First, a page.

Connectivity through USB (Universal Serial Bus) has been available for nearly 20 years now. While the technology has seen a number of upgrades throughout its lifespan, the basic point of USB devices, drives and cables remains the same: to facilitate quick, easy and secure access to your files and peripheral components.
USB Technology: A Brief History
USB technology was originally introduced in 1996, but it would only take four short years for developers to release the 2.0 architecture. This allowed USB devices to transfer data at a rate of 480Mbps, whereas original USB devices only allowed for a maximum of 12Mbps. USB 2.0 lasted slightly longer than its predecessor did, but it was replaced after eight years on the consumer market.
November 2008 saw the launch of USB 3.0, and it has remained in the industry spotlight ever since. Featuring the fastest and most stable framework of any USB to date, the USB 3.0 architecture is capable of handling data 10 times faster than 2.0, with a rate of 4.8 Gbps. These numbers are all theoretical, of course, and your actual device speeds are regulated by the exact hardware in your system.
The power usage of USB components is measured in milliamps, which is a common unit of current seen in electrical systems and devices. Whereas USB 2.0 provides a maximum power rating of 500 mA, USB 3.0 is equipped to handle as much as 900 mA. Not only does this provide increased power efficiency with each USB component, but it also lets your system power more devices from each USB hub. The streamlined power management of 3.0 also allows your devices to use less power during idle phases when compared to USB 2.0 or 1.0.
Different Types of Connections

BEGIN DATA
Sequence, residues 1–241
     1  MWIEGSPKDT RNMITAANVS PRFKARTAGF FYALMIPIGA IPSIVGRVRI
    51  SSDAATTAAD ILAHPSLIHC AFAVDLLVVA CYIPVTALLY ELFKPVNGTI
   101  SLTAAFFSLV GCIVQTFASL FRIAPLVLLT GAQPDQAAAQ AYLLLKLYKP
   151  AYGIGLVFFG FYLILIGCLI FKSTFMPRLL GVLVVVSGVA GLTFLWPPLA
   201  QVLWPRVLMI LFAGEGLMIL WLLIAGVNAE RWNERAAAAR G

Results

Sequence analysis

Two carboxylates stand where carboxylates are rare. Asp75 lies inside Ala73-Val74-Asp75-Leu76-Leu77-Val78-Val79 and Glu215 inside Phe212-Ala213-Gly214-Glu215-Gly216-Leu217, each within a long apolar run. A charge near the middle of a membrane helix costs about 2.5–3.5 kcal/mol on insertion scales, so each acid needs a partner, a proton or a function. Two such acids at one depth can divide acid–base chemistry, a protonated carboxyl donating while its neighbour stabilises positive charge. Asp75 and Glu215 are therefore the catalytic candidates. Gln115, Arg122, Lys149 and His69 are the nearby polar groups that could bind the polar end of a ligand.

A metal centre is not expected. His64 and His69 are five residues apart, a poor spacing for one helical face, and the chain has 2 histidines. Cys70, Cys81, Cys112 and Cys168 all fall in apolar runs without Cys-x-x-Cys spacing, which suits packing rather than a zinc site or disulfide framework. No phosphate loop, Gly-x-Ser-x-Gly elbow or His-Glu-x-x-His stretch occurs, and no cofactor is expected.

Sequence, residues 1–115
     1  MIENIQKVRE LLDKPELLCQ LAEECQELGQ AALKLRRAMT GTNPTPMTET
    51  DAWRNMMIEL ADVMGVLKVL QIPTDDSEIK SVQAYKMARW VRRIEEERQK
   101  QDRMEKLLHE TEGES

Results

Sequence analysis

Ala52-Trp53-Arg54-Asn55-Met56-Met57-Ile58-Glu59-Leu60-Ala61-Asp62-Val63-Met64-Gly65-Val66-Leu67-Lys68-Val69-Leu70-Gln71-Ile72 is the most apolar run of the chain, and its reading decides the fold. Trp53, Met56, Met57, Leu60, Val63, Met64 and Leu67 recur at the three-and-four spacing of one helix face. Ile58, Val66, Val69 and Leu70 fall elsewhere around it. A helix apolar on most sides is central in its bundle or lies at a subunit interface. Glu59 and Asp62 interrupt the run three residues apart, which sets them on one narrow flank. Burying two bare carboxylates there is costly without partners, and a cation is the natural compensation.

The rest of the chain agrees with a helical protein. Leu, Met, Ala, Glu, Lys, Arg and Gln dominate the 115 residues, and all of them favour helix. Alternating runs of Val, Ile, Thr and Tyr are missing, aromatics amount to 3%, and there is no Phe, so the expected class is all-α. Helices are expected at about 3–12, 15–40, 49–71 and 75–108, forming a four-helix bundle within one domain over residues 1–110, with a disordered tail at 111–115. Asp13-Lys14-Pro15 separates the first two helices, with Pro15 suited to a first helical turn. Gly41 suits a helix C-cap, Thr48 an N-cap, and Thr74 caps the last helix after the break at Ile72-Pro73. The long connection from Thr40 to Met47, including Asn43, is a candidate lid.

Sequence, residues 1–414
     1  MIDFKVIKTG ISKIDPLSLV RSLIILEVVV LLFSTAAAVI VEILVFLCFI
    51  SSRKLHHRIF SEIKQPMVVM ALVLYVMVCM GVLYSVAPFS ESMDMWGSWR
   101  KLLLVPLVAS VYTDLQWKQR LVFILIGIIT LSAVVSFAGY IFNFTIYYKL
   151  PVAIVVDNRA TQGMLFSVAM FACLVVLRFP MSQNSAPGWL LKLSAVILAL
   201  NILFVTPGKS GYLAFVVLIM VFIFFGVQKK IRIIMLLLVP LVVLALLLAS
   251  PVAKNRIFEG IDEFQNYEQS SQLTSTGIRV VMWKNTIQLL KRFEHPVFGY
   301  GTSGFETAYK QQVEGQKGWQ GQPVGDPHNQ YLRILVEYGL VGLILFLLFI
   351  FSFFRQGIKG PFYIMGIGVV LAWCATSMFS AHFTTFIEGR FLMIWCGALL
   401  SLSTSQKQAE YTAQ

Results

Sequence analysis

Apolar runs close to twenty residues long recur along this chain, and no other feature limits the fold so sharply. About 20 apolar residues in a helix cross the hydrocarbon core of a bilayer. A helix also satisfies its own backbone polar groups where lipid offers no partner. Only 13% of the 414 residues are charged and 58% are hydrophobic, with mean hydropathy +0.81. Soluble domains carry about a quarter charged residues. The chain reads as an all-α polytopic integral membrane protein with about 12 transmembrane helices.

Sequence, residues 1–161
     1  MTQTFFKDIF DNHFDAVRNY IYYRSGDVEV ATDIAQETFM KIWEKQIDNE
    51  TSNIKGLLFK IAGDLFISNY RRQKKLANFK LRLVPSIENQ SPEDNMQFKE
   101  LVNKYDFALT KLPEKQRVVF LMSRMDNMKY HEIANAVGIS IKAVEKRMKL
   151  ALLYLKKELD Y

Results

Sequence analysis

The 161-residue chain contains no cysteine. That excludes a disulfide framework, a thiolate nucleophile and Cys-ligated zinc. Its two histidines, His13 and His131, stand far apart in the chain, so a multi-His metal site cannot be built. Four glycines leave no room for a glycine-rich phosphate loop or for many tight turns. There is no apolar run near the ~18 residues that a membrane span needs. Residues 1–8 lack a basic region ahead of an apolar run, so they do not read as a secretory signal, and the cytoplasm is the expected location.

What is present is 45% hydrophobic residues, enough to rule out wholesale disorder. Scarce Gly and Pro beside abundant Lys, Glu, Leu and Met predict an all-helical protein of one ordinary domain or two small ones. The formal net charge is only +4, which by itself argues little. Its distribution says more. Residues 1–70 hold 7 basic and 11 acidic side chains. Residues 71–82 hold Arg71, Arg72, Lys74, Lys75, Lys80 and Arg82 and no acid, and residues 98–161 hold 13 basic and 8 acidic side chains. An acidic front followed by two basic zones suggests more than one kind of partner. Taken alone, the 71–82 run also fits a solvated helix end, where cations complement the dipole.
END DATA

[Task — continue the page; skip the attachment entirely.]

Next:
The streamlined power usage of USB 3.0 is made possible through the use of four additional wires within the USB cable itself, giving 3.0 a total of eight wires and 2.0 a total of four. The "A" connector of a USB device, which is the side that plugs into your computer's USB port, is also different. USB 2.0 connectors are colored grey, while USB 3.0 connectors are colored blue. This lets you instantly determine whether a USB cable is of the 2.0 or 3.0 architecture. Finally, the "B" connector of a USB 2.0 cable is smaller than 3.0, which allows space for extra wires and maneuverability.
Software and System Compatibility Issues
One of the most attractive features of the entire USB framework is backwards compatibility. Because older USB ports will work with updated USB drives, you will not have to worry about upgrading your system's hardware in order to accommodate new USB peripherals and components. However, because a USB 2.0 drive is limited in the amount of data it can transfer, you won't be able to receive the full speed and stability that is offered in your 3.0 component.
Newer technology is always more expensive than outdated gear, so it is safe to say that USB 3.0 devices will cost more than their 2.0 counterparts. As the technology becomes more popular and more developers devote resources to 3.0, this price is sure to become more affordable to all.
USB 2.0 vs. USB 3.0 for File Storage
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